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Thread: Cluster development where road frontage is preserved

  1. #1
    Cyburbia Administrator Dan's avatar
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    Cluster development where road frontage is preserved

    I'm looking for examples of good cluster or conservation development, where the primary road frontage is preserved, open space doesn't consist of just narrow strips hidden behind rear yards, and the bulk of development is away from the primary road. Anyplace where very clear Google Earth aerials and oblique photos on local.live.com are available would be great.

    The purpose of this is to show alternatives to "bowling alley lot" frontage development in the land use element of a comprehensive plan I'm drafting for an exurban community. (Yes, I have a copy of Rural by Design. ) Thanks!

  2. #2
    Cyburbian Cardinal's avatar
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    I was talking with somebody yesterday about this very issue. Sadly, most of the examples I know of are pretty bleak.
    Anyone want to adopt a dog?

  3. #3
    Cyburbian Tide's avatar
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    We require a 100 foot buffer from any highway for residential subdivisions over 15 lots. Not necessarily a cluster, but still held open space.

    "Required bufferyards for all new residential or planned unit developments shall be a minimum width of 100 between the proposed lot lines and all existing perimeter county, state, and/or federally maintained paved roadways at the time of the approval of the proposed plan and/or development plan. Proposed residential and/or planned unit developments adjacent to the Francis Marion National Forest shall also be required to have a 100 minimum width buffer between proposed lot lines and the boundary of the National Forest. Optional Reductions of Bufferyards found in Section 17.6.4 shall not be applicable to these requirements."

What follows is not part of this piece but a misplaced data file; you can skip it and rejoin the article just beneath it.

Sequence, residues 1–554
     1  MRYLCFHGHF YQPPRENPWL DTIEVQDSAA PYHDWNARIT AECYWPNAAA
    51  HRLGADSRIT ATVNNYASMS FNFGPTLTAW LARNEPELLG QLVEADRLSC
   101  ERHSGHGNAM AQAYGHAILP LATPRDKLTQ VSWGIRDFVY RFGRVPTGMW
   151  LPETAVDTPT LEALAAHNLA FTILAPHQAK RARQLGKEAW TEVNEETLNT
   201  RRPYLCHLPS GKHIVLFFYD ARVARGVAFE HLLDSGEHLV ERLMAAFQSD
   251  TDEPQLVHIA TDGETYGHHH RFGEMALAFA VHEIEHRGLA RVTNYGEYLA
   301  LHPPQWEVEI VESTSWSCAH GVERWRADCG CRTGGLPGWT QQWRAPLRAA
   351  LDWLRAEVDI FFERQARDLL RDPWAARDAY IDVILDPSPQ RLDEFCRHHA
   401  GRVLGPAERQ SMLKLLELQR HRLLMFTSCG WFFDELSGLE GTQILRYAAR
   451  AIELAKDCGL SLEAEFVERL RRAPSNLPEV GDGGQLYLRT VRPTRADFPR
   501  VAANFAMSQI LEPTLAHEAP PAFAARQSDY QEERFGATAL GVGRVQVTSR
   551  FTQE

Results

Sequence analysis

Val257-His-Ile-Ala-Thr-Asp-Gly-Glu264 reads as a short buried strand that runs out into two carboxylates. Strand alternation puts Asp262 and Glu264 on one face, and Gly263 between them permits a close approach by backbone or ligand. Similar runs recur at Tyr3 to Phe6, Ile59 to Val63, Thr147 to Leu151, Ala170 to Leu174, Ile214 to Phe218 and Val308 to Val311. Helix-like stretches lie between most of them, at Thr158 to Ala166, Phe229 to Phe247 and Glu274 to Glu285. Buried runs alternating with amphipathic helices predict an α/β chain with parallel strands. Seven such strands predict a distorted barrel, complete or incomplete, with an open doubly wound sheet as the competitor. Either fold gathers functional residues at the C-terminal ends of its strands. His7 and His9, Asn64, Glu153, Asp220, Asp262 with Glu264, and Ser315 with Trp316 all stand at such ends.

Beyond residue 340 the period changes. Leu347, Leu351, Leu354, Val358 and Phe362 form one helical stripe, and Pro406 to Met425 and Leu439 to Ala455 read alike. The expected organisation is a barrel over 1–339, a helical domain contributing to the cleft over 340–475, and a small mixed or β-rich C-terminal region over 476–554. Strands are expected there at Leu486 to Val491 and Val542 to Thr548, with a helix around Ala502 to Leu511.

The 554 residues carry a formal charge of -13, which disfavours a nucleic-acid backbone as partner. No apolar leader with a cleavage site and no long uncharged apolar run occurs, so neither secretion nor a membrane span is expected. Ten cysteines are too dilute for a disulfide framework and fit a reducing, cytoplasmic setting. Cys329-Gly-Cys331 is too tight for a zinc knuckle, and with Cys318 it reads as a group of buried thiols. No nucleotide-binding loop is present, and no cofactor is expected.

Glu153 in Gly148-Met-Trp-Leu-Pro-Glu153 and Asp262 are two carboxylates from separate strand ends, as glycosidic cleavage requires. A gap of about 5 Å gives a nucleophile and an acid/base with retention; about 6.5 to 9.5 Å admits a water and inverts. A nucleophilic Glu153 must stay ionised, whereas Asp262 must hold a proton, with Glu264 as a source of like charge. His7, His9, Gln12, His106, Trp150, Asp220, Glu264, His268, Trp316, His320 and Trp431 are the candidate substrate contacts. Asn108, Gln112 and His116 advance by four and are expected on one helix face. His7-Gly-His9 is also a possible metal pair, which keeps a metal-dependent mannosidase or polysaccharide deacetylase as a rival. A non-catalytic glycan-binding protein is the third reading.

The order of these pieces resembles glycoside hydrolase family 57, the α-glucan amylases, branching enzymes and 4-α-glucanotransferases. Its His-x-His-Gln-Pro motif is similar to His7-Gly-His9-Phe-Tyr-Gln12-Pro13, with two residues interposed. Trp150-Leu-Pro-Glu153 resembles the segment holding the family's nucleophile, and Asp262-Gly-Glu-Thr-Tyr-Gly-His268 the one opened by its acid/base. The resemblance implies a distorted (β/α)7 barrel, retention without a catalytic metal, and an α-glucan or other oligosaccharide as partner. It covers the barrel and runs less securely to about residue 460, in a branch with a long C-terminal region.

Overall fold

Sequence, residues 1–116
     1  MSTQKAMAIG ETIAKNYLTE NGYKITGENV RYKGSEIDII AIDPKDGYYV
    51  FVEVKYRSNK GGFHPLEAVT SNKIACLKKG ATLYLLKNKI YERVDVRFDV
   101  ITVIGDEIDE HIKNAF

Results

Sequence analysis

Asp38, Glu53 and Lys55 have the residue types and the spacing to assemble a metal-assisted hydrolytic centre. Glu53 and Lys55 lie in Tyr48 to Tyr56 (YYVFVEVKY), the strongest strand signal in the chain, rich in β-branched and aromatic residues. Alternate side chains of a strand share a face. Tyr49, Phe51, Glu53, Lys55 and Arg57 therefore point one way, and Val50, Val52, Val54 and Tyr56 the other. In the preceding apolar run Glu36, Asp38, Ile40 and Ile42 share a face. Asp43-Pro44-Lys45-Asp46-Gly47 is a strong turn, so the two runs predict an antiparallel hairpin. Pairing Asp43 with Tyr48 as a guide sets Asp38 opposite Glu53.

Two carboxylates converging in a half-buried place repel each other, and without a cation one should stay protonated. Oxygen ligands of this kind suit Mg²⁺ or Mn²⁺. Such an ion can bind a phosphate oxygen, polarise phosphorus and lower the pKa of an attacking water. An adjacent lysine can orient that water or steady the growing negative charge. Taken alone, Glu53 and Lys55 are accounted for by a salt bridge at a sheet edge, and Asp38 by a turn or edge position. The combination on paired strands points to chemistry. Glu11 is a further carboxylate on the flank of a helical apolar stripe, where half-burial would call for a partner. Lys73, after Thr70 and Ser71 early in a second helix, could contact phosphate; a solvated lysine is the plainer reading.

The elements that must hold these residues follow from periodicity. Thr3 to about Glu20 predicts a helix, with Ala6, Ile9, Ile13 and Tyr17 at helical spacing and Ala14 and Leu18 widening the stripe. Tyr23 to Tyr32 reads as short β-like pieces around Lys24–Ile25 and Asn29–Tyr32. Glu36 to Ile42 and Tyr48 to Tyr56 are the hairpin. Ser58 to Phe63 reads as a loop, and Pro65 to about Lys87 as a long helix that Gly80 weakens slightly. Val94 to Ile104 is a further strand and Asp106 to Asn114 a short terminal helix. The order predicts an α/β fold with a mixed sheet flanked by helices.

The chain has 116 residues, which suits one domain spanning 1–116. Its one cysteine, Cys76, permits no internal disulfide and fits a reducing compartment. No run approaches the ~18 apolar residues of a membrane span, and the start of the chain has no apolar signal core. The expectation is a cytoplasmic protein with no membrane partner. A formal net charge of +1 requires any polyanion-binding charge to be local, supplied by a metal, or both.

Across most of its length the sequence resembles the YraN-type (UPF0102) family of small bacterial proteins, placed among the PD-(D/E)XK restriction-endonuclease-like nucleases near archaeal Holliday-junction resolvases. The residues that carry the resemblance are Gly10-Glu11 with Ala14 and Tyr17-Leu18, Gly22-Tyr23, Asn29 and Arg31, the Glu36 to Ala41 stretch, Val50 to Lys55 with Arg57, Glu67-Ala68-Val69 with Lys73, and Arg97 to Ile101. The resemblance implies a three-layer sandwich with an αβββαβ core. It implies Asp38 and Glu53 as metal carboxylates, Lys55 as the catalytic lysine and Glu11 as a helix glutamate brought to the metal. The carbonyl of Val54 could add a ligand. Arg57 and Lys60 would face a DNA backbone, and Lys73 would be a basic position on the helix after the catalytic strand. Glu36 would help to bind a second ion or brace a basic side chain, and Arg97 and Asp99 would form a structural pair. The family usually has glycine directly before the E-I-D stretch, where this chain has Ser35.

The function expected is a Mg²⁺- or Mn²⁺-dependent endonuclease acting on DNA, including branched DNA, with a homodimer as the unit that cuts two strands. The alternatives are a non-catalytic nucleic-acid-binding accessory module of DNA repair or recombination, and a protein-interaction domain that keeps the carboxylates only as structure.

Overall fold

Says no optional reductions, however more than a few have gotten a 50% reduction at the BZA which I do not feel we should do anymore.
    @GigCityPlanner

  4. #4
    Forums Administrator & Gallery Moderator NHPlanner's avatar
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    Closest I can think of is one we have where I work....not perfect (there are lots that were not part of the development along the collector road. This was developed in the mid 1980's.), and not the "ideal" cluster, and has one of the heinous fully paved cul-de-sacs that we don't allow anymore, but pretty close to what you're looking for I think.

    (on live search for: woodside dr, 03053)

    Here's the images from our pictometry files (had to combine 2 tiles, so they don't match exactly):

    "Growth is inevitable and desirable, but destruction of community character is not. The question is not whether your part of the world is going to change. The question is how." -- Edward T. McMahon, The Conservation Fund

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    Cyburbia Administrator Dan's avatar
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    Thanks, NHPlanner! That photo can be Photoshopped, at least, so I can add it to the examples of good "rural character" development in one of the plans I'm drafting.

  6. #6
    Forums Administrator & Gallery Moderator NHPlanner's avatar
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    Quote Originally posted by Dan View post
    Thanks, NHPlanner! That photo can be Photoshopped, at least, so I can add it to the examples of good "rural character" development in one of the plans I'm drafting.
    Let me know if you need any more images, and I'll send them your way.
    "Growth is inevitable and desirable, but destruction of community character is not. The question is not whether your part of the world is going to change. The question is how." -- Edward T. McMahon, The Conservation Fund

  7. #7
    Cyburbian Luca's avatar
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    That's meant to be a good development pattern, is it?